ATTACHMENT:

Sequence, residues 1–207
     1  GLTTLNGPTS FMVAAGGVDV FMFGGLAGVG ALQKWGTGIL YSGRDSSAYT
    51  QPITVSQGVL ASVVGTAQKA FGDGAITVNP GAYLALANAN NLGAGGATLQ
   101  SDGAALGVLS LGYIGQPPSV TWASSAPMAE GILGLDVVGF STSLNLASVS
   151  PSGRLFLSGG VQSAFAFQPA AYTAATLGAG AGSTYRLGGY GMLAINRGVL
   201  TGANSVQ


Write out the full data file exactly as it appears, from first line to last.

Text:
Sequence, residues 1–207
     1  GLTTLNGPTS FMVAAGGVDV FMFGGLAGVG ALQKWGTGIL YSGRDSSAYT
    51  QPITVSQGVL ASVVGTAQKA FGDGAITVNP GAYLALANAN NLGAGGATLQ
   101  SDGAALGVLS LGYIGQPPSV TWASSAPMAE GILGLDVVGF STSLNLASVS
   151  PSGRLFLSGG VQSAFAFQPA AYTAATLGAG AGSTYRLGGY GMLAINRGVL
   201  TGANSVQ